• Use \mathscr for script letters: $\mathscr{ABCDEFGHIJKLMNOPQRSTUVWXYZ}$
    • Use \mathfrak for "Fraktur" (old German style) letters: $\mathfrak{ABCDEFGHIJKLMNOPQRSTUVWXYZ} \mathfrak{abcdefghijklmnopqrstuvwxyz}$.
  10. Radical signs Use sqrt, which adjusts to the size of its argument: \sqrt{x^3} $\sqrt{x^3}$; \sqrt[3]{\frac xy} $\sqrt[3]{\frac xy}$. For complicated expressions, consider using {...}^{1/2} instead.

  11. Some special functions such as "lim", "sin", "max", "ln", and so on are normally set in roman font instead of italic font. Use \lim, \sin, etc. to make these: \sin x $\sin x$, not sin x $sin x$. Use subscripts to attach a notation to \lim: \lim_{x\to 0} $$\lim_{x\to 0}$$

  12. There are a very large number of special symbols and notations, too many to list here; see this shorter listing, or this exhaustive listing. Some of the most common include:

    • \lt \gt \le \ge \neq $\lt\, \gt\, \le\, \ge\, \neq$. You can use \not to put a slash through almost anything: \not\lt $\not\lt$ but it often looks bad.
    • \times \div \pm \mp $\times\, \div\, \pm\, \mp$. \cdot is a centered dot: $x\cdot y$
    • \cup \cap \setminus \subset \subseteq \subsetneq \supset \in \notin \emptyset \varnothing $\cup\, \cap\, \setminus\, \subset\, \subseteq \,\subsetneq \,\supset\, \in\, \notin\, \emptyset\, \varnothing$
    • {n+1 \choose 2k} or \binom{n+1}{2k} ${n+1 \choose 2k}$
    • \to \rightarrow \leftarrow \Rightarrow \Leftarrow \mapsto $\to\, \rightarrow\, \leftarrow\, \Rightarrow\, \Leftarrow\, \mapsto$
    • \land \lor \lnot \forall \exists \top \bot \vdash \vDash $\land\, \lor\, \lnot\, \forall\, \exists\, \top\, \bot\, \vdash\, \vDash$
    • \star \ast \oplus \circ \bullet $\star\, \ast\, \oplus\, \circ\, \bullet$
    • \approx \sim \simeq \cong \equiv \prec $\approx\, \sim \, \simeq\, \cong\, \equiv\, \prec$.
    • \infty \aleph_0 $\infty\, \aleph_0$ \nabla \partial $\nabla\, \partial$ \Im \Re $\Im\, \Re$
    • For modular equivalence, use \pmod like this: a\equiv b\pmod n $a\equiv b\pmod n$.
    • \ldots is the dots in $a_1, a_2, \ldots ,a_n$ \cdots is the dots in $a_1+a_2+\cdots+a_n$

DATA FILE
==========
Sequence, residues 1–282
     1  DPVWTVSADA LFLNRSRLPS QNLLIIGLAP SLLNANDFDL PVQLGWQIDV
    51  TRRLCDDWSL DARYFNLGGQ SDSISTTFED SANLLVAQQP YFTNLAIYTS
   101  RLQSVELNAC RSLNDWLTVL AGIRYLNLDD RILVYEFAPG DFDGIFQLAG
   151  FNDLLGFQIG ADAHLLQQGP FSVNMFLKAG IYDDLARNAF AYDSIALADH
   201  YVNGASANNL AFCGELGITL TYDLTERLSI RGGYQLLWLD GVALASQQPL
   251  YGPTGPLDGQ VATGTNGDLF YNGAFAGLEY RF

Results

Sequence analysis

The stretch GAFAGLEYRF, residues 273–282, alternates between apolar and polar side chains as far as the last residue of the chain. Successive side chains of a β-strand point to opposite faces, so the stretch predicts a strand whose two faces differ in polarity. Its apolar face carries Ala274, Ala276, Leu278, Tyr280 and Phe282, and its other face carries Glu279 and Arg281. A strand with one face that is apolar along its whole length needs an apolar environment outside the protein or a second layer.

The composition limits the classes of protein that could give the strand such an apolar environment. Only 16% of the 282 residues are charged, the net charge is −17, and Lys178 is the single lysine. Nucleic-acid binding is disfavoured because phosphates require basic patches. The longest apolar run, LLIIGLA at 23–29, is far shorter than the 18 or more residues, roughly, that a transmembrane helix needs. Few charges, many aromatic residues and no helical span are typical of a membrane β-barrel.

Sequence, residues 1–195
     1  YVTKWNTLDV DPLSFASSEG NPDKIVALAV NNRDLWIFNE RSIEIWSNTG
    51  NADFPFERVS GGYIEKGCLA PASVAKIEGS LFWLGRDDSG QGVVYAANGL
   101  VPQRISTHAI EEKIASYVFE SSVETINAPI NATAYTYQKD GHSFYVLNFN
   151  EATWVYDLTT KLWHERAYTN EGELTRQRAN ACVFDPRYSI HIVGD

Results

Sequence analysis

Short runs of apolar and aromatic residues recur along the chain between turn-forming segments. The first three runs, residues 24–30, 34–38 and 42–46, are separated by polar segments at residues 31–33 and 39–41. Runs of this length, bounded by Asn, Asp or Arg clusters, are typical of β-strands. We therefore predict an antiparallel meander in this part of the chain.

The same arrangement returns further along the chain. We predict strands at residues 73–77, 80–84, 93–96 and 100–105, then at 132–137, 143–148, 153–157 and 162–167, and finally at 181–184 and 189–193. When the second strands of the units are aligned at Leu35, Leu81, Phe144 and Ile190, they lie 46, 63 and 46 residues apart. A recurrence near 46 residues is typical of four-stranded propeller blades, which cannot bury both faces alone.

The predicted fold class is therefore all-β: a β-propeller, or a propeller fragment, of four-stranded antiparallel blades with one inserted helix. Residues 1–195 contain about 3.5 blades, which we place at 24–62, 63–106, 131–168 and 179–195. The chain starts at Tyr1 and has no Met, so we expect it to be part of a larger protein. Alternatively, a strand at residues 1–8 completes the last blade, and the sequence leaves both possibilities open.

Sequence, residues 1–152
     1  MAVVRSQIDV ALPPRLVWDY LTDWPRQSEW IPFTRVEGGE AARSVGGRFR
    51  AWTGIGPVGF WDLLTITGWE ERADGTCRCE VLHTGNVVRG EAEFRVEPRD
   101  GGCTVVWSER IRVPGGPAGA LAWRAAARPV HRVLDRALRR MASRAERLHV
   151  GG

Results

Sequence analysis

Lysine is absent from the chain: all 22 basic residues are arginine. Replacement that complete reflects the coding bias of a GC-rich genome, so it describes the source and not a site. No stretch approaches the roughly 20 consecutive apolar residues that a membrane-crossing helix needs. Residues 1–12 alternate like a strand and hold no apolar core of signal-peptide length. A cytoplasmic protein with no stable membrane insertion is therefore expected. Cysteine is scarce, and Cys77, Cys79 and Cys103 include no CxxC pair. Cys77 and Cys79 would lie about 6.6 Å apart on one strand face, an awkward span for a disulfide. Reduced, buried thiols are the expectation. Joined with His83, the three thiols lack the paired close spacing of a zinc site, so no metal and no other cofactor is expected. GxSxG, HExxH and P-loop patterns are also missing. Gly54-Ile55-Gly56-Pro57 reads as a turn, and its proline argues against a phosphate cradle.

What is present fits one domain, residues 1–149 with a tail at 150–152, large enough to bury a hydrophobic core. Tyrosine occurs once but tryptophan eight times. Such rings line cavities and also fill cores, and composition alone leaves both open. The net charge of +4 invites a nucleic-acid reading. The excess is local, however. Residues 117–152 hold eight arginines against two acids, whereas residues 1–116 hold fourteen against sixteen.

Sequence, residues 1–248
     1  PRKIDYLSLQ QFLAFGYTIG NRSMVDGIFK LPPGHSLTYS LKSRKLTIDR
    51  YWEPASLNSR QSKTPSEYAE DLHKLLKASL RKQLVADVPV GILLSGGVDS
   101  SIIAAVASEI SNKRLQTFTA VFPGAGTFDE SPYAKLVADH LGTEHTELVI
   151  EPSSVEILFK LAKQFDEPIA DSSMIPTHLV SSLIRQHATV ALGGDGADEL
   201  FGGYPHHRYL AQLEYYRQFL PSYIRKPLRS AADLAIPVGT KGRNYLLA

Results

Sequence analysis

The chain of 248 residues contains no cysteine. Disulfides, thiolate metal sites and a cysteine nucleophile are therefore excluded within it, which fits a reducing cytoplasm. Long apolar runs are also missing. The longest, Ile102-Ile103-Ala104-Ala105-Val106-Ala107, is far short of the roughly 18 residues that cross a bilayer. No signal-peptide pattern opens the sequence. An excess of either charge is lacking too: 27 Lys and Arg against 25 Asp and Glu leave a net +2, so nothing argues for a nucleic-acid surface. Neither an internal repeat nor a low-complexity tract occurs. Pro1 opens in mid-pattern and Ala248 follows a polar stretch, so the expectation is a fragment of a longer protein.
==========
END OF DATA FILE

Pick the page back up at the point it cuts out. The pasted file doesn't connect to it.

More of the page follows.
• Some Greek letters have variant forms: \epsilon \varepsilon $\epsilon\, \varepsilon$, \phi \varphi $\phi\, \varphi$, and others. Script lowercase l is \ell $\ell$.

    Detexify lets you draw a symbol on a web page and then lists the $\TeX$ symbols that seem to resemble it. These are not guaranteed to work in MathJax but are a good place to start. To check that a command is supported, note that MathJax.org maintains a list of currently supported $\LaTeX$ commands, and one can also check Dr. Carol JVF Burns's page of $\TeX$ Commands Available in MathJax.

  13. Spaces MathJax usually decides for itself how to space formulas, using a complex set of rules. Putting extra literal spaces into formulas will not change the amount of space MathJax puts in: a␣b and a␣␣␣␣b are both $a b$. To add more space, use \, for a thin space $a\,b$; \; for a wider space $a\;b$. \quad and \qquad are large spaces: $a\quad b$, $a\qquad b$.

    To set plain text, use \text{…}: $\{x\in s\mid x\text{ is extra large}\}$. You can nest $…$ inside of \text{…}.

  14. Accents and diacritical marks Use \hat for a single symbol $\hat x$, \widehat for a larger formula $\widehat{xy}$. If you make it too wide, it will look silly. Similarly, there are \bar $\bar x$ and \overline $\overline{xyz}$, and \vec $\vec x$ and \overrightarrow $\overrightarrow{xy}$ and \overleftrightarrow $\overleftrightarrow{xy}$. For dots, as in $\frac d{dx}x\dot x = \dot x^2 + x\ddot x$, use \dot and \ddot.